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This is a device well known to most young parents - it enables them to hear their baby while it sleeps in the baby room, so that mom and dad can try to use those few precious moments to finish the daily routine walking on their thoes around.
There are many sorts of similar devices, some of them wireless and some yet more advanced models able to transmit not simply sound but live video as well. There is nothing wrong with hi-tech solutions to the ancient problem, but here is a simple and reliable way to overcome those few critical years of parenthood without much effort and expenses. The first circuit of this type that the author has built has been born out of his best man's frustration with the commercial gadget that simply didn't work as expected. The humble device described here served flawlessly.
Cry-baby monitor block diagram
The idea was to amplify and transmit sounds of a sleeping (or not so much sleeping) baby using a pair of wires to a nearby living room. As can be observed in the diagram above, it is possible to connect two remote loudspeakers to the same amplifier at the same time. As there is no need for huge amount of power, a simple old mobile phone charger is able to supply the system with energy. A secondary source of power in the form of a set of four alkaline "AA" type batteries is also included in the design, which might prove useful in case of grid blackout, especially if it remains unnoticed by parents.
The circuit is based around a ubiquitous LM324 quadruple operational amplifier IC. One of the OP AMPs (A) is used as a microphone preamplifier and has a fixed voltage gain of 48x. This sound signal is then fed into two different branches. One branch is an output power amplifier formed out of OP AMP D and several medium-power transistors to which the input signal is fed via C9. Power amplifier too has a fixed voltage gain, this one being 11x. PA is a classical complementary pair design for which BC327/337 transistors are used in the output stage as they can withstand dissipation of up to 0.8W each, limiting the peak usable AF power to more than 2W, a solid figure for a baby monitor. The author decided to construct the hybrid power amplifier because it could be designed so that it would have far lower current consumption than inexpensive AF PA ICs, which was very important if the device was to be supplied by batteries. The overall AF gain is fixed to around 500x or 54dB which is more than enough to give a pair of 8-ohm loudspeakers enough oomph (or rather, screams :) There is no volume control as that proved to be unnecessary in practice - the aim of the design was not to enable parents to enjoy baby sounds but instead to be tormented by them.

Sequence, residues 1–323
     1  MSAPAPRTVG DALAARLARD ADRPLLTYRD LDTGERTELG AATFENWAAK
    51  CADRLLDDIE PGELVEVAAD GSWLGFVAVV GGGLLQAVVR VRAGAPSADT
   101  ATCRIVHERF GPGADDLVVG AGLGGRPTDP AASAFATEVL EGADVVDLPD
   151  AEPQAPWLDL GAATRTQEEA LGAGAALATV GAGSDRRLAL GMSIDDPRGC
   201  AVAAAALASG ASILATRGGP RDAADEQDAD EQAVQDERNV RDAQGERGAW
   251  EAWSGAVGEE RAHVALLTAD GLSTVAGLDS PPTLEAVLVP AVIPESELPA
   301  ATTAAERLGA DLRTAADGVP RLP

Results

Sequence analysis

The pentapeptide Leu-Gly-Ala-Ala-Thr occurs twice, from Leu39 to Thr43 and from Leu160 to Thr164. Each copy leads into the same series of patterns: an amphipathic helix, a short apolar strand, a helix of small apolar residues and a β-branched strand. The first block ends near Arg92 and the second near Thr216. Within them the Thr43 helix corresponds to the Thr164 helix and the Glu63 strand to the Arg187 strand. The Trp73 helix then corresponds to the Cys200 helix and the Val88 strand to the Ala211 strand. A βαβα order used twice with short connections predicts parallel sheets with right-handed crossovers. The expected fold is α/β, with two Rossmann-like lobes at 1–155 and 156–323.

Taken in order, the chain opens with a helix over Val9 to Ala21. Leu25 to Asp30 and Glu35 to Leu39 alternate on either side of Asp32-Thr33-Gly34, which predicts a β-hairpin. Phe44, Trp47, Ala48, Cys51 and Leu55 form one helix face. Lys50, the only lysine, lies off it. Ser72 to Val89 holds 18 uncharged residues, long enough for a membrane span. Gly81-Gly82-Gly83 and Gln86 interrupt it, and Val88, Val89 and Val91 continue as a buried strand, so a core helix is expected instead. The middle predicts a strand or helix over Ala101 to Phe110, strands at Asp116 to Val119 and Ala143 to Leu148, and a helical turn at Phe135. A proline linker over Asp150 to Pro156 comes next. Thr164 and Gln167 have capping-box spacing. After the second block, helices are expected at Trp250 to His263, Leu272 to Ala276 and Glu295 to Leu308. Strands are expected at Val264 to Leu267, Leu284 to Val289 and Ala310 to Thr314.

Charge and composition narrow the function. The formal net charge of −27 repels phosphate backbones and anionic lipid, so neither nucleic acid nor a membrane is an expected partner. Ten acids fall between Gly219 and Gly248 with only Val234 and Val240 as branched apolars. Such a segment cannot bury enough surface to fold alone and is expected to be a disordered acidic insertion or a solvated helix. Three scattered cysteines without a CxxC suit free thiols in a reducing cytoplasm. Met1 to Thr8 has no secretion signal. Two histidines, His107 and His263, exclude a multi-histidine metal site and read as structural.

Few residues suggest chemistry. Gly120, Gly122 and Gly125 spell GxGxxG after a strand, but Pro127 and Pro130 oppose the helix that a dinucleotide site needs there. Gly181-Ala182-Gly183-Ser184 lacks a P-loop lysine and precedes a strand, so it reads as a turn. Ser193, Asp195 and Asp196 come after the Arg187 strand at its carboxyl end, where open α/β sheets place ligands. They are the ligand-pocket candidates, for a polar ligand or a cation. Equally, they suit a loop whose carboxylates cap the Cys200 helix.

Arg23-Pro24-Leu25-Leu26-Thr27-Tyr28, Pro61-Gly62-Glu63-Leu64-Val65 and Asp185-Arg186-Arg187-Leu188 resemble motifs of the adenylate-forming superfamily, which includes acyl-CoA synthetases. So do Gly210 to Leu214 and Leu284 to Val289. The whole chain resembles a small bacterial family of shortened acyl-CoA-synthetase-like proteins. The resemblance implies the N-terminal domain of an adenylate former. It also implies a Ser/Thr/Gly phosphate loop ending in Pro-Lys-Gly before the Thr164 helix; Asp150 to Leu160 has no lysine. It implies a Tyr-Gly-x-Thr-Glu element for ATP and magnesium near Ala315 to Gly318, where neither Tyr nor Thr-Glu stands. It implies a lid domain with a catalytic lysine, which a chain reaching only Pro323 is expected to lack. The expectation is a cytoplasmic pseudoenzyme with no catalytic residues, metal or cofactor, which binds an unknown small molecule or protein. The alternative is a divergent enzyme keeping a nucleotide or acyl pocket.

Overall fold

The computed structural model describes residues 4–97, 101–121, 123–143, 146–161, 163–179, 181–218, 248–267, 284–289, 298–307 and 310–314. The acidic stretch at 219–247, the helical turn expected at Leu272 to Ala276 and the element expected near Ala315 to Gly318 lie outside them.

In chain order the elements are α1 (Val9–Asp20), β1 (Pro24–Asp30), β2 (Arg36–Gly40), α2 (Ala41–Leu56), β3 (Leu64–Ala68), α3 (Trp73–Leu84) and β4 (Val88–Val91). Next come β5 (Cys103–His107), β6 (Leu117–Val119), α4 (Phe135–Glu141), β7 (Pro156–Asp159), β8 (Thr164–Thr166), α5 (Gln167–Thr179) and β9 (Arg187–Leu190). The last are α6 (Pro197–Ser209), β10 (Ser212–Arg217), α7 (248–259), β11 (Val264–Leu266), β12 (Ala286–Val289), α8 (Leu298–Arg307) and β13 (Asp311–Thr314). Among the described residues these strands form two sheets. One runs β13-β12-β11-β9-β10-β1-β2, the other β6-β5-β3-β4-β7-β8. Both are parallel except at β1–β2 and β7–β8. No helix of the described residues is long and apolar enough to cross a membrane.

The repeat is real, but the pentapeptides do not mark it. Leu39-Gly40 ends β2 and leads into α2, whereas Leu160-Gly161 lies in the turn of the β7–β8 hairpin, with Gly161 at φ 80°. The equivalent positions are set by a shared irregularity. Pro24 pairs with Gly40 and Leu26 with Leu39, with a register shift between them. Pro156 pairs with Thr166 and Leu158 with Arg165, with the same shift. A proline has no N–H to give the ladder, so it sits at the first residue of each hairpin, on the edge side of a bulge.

Cry-baby monitor by LP
The second branch to which the signal from the preamplifier A is fed is a squelch circuit made out of amplifiers B and C. This is the most interesting part of the design. If there is no signal going into the OP AMP B, there is no DC voltage at the output of the voltage doubler (C7, C8, D1 and D2) connected to it. This means that the inverting input of OP AMP C (pin 9) is at 0V while its inverting input (pin 10) is at approximately +1V constant reference voltage. This means that the output of the amplifier C is at logic high voltage, which is around +4V in this circuit. Via D7 that voltage is then fed to the noninverting input of the output power amplifier (pin 13) which makes it totally mute (its output is held firmly to 0Vdc).
On the other hand, if AF signal going from OP AMP B into the voltage doubler is of high enough amplitude so that more than +1Vdc gets to amplifier C inverting input (pin 9), it flips its output to low voltage (approximately 0.2V). This in turn causes D7 to stop conducting, releasing the output power amplifier from its muting grip. In order for this to happen, the amplitude of the AF signal coming out of the preamplifier A into the voltage booster B has to be above the certain threshold. Minimum threshold amplitude of received sounds can be easily adjusted over a very wide dynamic range because voltage gain of amplifier B can be controlled by feedback potentiometer P1. If P1 is set to the maximum resistance, voltage gain of the amplifier B is only 11x (21dB), which permits only relatively loud sounds (baby crying) coming from the microphone to deactivate the squelch. But if P1 is set to the minimum resistance, voltage gain of the amplifier B is as high as 470x (54dB) which means that even the tiniest sound (sobbing) caught by the MIC will be able to deactivate the squelch and find its way to the loudspeakers.
Diodes D11 and D12 serve to protect the power amplifier from overvoltages that might be induced in long loudspeaker wires. Components R16, C10, R22, C14, R25 and C15 shape the negative feedback in frequency domain and prevent the output amplifier from self-oscillating. The purpose of R23, R24 and D13 is to provide means for parents to manually deactivate squelch and check the sounds in baby's sleeping room whenever they find appropriate. This is done by closing the "VOX on" key built at each of the remote units i.e. loudspeaker boxes. By closing the contact, a 100 Ohm resistor gets connected to the loudspeaker line which passes approximately 5Vcc into it (negative loudspeaker line otherwise rests at 0Vdc due to resistor R24 pulling it to ground). This increased voltage is fed via R25 and D13 to noninverting input of the amplifier C, forcing it to immediately disable the squelch. Diode D3 protects the noninverting input from voltages higher than 4.7V.
designed by LP 2013